Manisha, and A and N were here last week and what a food-packed week it ended up being! I put work aside and for a whole week we just ate, talked with our mouths full, ate some more, drank a little, and walked a lot. I focused on Kashmiri food at home and we ate out some, crossing off some of the better known Delhi-delights.
Manisha arrived on the last Saturday of November and A and N were here by noon the following day. They barely got enough time to wheel their bags into the bedroom before we were off on our first foodie trip. Reeta (Delhi Foodie’s Zone) had graciously agreed to be our guide through the labyrinth of Old Delhi’s streets! We walked through the melee that is Chor Bazaar, near Jama Masjid, to enter at the far end of Dariba and ate our way through many streets savouring – brace yourself – bedmi-poori and aloo bhaji, khasta kachori, flavoured milk (infused with saffron, rose, kevda, and almonds), banta-lime-soda (marble soda bottles), daulat ki chat, paranthe (at paranthe-wali gali, where else; yes they are overrated but you have to try them once – A‘s motto for everything remotely edible), aloo tikki and dahi badey at Natraj’s, motichoor laddoo, shakkarkandi (sweetpotato) ki chat, and kulfi-falooda.
We went wherever Reeta took us, and she unearthed some real gems for us! It was a good thing that we were a group of six; made it easier to sample that much more food! We bought til patti (sesame brittle, like no other) and revdi (sesame drops?) from a shop in Kinari Bazaar. [Thanks for the recommendation, Reeta; that til patti is gooood!] In between we also took pictures of food we were just going to have to keep for the next visit.
We took a detour into Ballimaran’s gali Qasim Jaan to visit the partially-restored house of one of the greatest poet of our times, and my favourite, Mirza Ghalib.
We returned exhausted and stuffed to the gills. All we were good for afterwards were V’s concoctions; he’s gotten really good at mixology.
The following day, I stepped out for a little work in the morning leaving the kitchen in the capable hands of A. What a fabulous Southie spread he laid out with prep-help from N and Manisha! There was rasam, vathakuzhambu with pumpkin (and my sun-dried sundakkai!), beans parupu usili, keerai masiyal, and carrot kosambari. Yes, very impressive and very delicious. The pictures say it all.
We spent an evening at Dilli Haat. But before the mandatory shopping, we sat down at the Navdanya stall for a round of their fabulous masala tea lightly sweetened with natural sugar. After my friends, had had their fill of shopping for handlooms and handicrafts, I took them across then road to another shopping haunt, the INA market. A and N were impressed at the vegetables on display and envious that we have forever had this cheaper alternative to Godrej’s Nature Basket! What I thought was expensive is actually cheap! A bought galangal, and I bought some haak. We really went to town at the Durga Store, buying (almost) every Kashmiri ingredient they stock – spices, dried Kashmiri chillies, veri masala, and al-hacchi and wangun-hacchi (sun-dried bottle-gourd and aubergines). Santa is sure to bring some exotic foodie cheer to many foodie friends this Christmas!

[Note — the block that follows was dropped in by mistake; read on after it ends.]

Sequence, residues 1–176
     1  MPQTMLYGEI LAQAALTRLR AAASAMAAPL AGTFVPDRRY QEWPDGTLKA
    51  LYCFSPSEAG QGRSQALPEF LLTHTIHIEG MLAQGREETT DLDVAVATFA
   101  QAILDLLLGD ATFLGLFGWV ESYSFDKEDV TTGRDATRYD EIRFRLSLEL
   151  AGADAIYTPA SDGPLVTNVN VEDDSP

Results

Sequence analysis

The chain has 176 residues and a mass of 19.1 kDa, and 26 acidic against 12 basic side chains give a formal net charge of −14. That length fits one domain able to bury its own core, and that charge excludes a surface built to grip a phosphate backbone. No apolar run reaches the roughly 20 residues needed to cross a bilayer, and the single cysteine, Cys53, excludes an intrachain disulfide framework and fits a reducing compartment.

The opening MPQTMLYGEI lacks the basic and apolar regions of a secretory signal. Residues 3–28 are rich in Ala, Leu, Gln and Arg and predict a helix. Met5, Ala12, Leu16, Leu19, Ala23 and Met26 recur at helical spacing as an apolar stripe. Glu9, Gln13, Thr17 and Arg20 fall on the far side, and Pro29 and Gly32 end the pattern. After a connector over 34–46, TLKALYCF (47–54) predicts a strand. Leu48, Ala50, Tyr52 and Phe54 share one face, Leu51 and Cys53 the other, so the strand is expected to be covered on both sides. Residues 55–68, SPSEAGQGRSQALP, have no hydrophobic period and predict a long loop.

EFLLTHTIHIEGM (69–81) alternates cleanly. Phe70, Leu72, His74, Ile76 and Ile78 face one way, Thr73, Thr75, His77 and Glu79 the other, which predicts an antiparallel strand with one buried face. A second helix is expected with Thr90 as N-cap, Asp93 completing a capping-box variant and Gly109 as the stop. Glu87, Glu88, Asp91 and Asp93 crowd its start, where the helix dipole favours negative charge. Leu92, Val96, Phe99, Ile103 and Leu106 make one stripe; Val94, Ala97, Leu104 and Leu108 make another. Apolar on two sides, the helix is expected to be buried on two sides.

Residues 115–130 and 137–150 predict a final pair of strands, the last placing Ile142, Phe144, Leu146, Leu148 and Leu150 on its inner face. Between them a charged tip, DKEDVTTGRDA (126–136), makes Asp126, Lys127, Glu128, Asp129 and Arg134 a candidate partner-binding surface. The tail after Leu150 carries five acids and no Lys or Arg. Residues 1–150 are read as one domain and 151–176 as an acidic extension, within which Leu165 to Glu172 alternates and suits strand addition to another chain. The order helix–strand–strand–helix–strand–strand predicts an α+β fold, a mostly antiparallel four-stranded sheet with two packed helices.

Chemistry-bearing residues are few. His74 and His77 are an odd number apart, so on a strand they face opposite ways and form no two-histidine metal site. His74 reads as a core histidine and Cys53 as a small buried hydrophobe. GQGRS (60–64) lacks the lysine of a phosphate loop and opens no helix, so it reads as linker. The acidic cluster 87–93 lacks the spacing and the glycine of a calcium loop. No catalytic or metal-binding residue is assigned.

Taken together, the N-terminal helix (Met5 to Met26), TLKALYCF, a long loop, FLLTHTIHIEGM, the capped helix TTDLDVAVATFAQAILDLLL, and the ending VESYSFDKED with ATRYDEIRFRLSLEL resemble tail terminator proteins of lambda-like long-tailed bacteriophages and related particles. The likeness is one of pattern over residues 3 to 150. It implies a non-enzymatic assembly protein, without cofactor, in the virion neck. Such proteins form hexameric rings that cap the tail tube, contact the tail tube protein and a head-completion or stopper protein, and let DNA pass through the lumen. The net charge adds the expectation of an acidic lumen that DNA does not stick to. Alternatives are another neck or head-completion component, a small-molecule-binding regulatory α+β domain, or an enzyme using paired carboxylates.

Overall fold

The shopping was followed by dinner at The Yeti, HKV. We tasted their Tibetan and Nepali platters with buffalo offal and sausages amongst other things, the most interesting of which was tingmo, the knot-shaped Tibetan steamed bread. Aloo momos lived up to Reeta’s recommendation but the chicken Jadoh with Dohkhleh we tried for the main was very disappointing. The music is loud and the service really slow despite the fact that this is a tiny restaurant. Go there for the non-veg platter, the potato momos, tingmo, and the clear soups, those are the best.
We met up with Deeba one afternoon at good old India Coffee House in CP. The Passionate Baker brought some of her fabulous chocolate biscotti (which was gone before I could take pictures!).
Manisha missed out on my Dad’s birthday party though; there was a change in her plans and she left sooner than planned. For the lunch at my parents’, there was the standard Kashmiri menu of roganjosh, paneer kaliya, monjji-haak, dum-olu, palak-mutter, rajma, and mujj-chetin, followed only a little later with a round of tea and an assortment of Kashmiri breads - kulchavor, tilvor, and katlum. There was cake too!
One of the best meal, we all agreed, was at the relatively new, open-air cafe attached to the National Crafts Museum at Pragati Maidan, Cafe Lota. Don’t let the name discourage you in the least. I found out about this cafe just last month when a friend posted some pictures of his lunch, out with family. I checked the Facebook page for Cafe Lota and found the menu and the pictures very interesting – regional Indian food with a fresh, modern presentation, and immediately decided that this might be just the place to check out with foodie friends. I will tell you more about this fantastic cafe in the next post.
Did you notice I didn’t do much cooking this whole time? They should have stayed another day; I could have used help with the Champa Shashthi feast!